The existence of a distinct "female" leadership type (page 4):
Consider, for example, journalist Michael Sokolove's profile of Mike Krzyzewski, head coach of the highly successful Duke University men's basketball team. As Sokolove put it, "So what is the secret to Krzyzewski's success? For starters, he coaches the way a woman would. Really."The double bind (page 3):
To compare leadership skills, the researchers adopted a framework introduced by leadership scholar James MacGregor Burns that distinguishes between transformational leadership and transactional leadership. Transformational leaders establish themselves as role models by gaining followers' trust and confidence. They state future goals, develop plans to achieve those goals, and innovate, even when their organizations are generally successful. Such leaders mentor and empower followers, encouraging them to develop their full potential and thus to contribute more effectively to their organizations. By contrast, transactional leaders establish give-and-take relationships that appeal to subordinates' self-interest. Such leaders manage in the conventional manner of clarifying subordinates' responsibilities, rewarding them for meeting objectives, and correcting them for failing to meet objectives. Although transformational and transactional leadership styles are different, most leaders adopt at least some behaviors of both types. The researchers also allowed for a third category, called the laissez-faire style -- a sort of nonleadership that concerns itself with none of the above, despite rank authority.
The meta-analysis found that, in general, female leaders were somewhat more transformational than male leaders, especially when it came to giving support and encouragement to subordinates. They also engaged in more of the rewarding behaviors that are one aspect of transactional leadership. Meanwhile, men exceeded women on the aspects of transactional leadership involving corrective and disciplinary actions that are either active (timely) or passive (belated). Men were also more likely than women to be laissez-faire leaders, who take little responsibility for managing. ... The research tells us not only that men and women do have somewhat different leadership styles, but also that women's approaches are the more generally effective -- while men's often are only somewhat effective or actually hinder effectiveness.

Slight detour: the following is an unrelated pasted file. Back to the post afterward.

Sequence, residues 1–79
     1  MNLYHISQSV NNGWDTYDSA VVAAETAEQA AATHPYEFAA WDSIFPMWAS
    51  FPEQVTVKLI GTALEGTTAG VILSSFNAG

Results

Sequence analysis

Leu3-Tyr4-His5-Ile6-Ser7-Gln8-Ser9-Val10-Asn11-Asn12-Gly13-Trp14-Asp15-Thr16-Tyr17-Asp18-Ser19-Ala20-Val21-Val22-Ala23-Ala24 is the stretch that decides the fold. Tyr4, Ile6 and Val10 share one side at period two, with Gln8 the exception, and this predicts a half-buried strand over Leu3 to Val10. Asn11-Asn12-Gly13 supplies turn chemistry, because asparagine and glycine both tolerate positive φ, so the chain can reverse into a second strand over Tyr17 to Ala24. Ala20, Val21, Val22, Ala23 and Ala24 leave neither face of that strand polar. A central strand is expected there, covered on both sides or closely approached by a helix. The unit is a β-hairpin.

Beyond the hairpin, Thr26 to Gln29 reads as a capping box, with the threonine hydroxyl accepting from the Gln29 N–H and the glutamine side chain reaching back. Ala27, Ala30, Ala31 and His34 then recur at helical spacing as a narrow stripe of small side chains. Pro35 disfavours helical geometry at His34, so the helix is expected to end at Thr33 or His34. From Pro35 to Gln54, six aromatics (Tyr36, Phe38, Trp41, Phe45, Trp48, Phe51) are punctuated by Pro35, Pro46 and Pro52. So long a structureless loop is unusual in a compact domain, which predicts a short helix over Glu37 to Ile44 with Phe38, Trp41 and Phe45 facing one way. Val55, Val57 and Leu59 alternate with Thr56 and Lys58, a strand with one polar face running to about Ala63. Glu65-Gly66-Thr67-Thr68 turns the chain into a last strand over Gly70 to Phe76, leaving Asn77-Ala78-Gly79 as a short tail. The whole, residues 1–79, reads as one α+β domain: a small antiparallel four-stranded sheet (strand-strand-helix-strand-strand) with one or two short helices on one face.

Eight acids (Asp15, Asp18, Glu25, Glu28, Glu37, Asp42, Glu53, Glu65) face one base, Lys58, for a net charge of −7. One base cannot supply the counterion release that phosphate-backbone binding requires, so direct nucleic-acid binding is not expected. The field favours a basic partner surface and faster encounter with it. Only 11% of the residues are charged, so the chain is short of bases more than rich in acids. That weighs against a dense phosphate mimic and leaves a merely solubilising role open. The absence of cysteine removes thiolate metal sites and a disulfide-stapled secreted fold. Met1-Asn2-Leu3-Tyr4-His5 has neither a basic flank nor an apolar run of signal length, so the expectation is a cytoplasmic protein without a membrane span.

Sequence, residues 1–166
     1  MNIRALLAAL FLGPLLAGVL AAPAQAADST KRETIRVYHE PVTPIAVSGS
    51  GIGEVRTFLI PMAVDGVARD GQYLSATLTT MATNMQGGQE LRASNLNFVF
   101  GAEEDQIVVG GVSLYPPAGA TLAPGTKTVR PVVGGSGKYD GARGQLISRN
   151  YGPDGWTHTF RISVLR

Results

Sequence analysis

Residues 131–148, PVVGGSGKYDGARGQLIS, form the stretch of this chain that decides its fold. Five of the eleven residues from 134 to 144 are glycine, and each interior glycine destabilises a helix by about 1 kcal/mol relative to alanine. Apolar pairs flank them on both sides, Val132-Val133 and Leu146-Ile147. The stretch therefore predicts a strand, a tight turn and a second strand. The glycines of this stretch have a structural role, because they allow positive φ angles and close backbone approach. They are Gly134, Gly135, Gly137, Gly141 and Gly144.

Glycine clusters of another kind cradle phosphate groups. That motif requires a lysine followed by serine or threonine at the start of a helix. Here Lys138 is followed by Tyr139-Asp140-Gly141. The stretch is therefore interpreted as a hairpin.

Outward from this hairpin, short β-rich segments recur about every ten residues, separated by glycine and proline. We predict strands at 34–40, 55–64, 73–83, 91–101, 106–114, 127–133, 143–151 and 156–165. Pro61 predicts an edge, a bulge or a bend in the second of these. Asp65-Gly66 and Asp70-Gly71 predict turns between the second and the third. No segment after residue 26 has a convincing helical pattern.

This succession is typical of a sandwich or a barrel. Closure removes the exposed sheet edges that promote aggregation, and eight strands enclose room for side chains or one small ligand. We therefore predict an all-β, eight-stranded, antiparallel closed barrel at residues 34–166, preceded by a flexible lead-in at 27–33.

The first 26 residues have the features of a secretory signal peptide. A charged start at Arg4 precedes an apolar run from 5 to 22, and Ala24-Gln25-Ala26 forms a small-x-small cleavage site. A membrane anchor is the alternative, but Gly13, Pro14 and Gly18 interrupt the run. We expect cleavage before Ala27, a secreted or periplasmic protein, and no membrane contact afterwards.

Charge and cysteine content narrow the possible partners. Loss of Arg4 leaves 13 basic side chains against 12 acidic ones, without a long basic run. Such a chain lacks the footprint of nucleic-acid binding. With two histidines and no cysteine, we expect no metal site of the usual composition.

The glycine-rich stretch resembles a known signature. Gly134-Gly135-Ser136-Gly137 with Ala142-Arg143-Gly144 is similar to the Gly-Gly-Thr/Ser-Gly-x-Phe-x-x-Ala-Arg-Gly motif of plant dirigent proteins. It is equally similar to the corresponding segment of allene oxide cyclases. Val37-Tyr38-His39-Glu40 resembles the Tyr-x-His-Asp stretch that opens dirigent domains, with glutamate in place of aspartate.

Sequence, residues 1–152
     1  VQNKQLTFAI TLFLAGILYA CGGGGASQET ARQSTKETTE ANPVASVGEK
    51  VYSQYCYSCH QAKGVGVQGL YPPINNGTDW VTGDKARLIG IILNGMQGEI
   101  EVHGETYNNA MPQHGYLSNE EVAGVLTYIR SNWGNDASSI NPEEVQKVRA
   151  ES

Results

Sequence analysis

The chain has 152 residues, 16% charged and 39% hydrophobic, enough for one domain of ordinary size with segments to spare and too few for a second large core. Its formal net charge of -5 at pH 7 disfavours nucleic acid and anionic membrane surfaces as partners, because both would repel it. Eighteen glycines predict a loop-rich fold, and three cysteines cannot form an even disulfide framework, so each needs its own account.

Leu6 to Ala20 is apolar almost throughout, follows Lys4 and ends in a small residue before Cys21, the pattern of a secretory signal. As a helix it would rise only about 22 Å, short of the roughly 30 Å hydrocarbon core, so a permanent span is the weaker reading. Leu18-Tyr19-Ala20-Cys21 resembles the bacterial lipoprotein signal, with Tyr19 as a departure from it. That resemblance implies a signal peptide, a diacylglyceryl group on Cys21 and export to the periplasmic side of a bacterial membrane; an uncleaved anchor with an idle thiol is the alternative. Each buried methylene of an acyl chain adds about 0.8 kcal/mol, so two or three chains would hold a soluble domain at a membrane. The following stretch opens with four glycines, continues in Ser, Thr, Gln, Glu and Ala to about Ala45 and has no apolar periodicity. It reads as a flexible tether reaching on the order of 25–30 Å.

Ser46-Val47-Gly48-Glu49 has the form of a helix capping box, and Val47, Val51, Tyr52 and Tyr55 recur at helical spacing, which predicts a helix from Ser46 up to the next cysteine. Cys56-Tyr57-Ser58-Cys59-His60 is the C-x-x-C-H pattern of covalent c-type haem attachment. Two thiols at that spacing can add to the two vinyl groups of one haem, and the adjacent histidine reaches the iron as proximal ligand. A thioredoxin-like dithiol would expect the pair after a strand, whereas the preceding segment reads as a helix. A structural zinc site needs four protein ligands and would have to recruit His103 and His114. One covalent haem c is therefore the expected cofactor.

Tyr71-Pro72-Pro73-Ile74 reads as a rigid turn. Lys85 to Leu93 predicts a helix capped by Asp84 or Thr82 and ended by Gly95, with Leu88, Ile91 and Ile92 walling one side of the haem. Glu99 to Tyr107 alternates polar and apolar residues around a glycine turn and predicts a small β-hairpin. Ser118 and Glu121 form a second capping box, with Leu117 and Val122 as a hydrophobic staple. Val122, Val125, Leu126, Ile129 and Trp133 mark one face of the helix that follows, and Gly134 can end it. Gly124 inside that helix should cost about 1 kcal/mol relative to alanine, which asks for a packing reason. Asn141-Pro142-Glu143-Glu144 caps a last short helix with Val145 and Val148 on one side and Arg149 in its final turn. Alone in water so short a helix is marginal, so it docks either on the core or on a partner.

In the language of psychologists, the clash is between two sets of associations: communal and agentic. Women are associated with communal qualities, which convey a concern for the compassionate treatment of others. They include being especially affectionate, helpful, friendly, kind, and sympathetic, as well as interpersonally sensitive, gentle, and soft-spoken. In contrast, men are associated with agentic qualities, which convey assertion and control. They include being especially aggressive, ambitious, dominant, self-confident, and forceful, as well as self-reliant and individualistic. The agentic traits are also associated in most people's minds with effective leadership -- perhaps because a long history of male domination of leadership roles has made it difficult to separate the leader associations from the male associations.The article's primary topic is whether there really is a "glass ceiling." The thesis is that according to the research, there is no absolute ceiling, but instead there is just about equal resistance to promoting women at all levels of management. So it suggests that a better metaphor than an invisible barrier might be a labyrinth, and it leverages the metaphor in an upbeat way by suggesting that research and education might make it easier for women to solve the labyrinth by revealing the layout as if viewed from above.
As a result, women leaders find themselves in a double bind. If they are highly communal, they may be criticized for not being agentic enough. But if they are highly agentic, they may be criticized for lacking communion. Either way, they may leave the impression that they don't have "the right stuff" for powerful jobs.